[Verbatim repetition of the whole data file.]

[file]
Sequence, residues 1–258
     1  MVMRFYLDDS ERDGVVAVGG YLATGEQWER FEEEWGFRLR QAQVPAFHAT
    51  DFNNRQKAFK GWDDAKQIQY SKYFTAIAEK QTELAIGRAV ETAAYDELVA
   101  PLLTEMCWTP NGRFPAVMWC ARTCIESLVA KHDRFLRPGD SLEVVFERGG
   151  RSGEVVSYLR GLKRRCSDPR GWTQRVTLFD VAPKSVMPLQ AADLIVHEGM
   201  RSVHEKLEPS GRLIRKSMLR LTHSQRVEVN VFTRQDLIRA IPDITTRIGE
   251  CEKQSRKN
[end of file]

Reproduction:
Sequence, residues 1–258
     1  MVMRFYLDDS ERDGVVAVGG YLATGEQWER FEEEWGFRLR QAQVPAFHAT
    51  DFNNRQKAFK GWDDAKQIQY SKYFTAIAEK QTELAIGRAV ETAAYDELVA
   101  PLLTEMCWTP NGRFPAVMWC ARTCIESLVA KHDRFLRPGD SLEVVFERGG
   151  RSGEVVSYLR GLKRRCSDPR GWTQRVTLFD VAPKSVMPLQ AADLIVHEGM
   201  RSVHEKLEPS GRLIRKSMLR LTHSQRVEVN VFTRQDLIRA IPDITTRIGE
   251  CEKQSRKN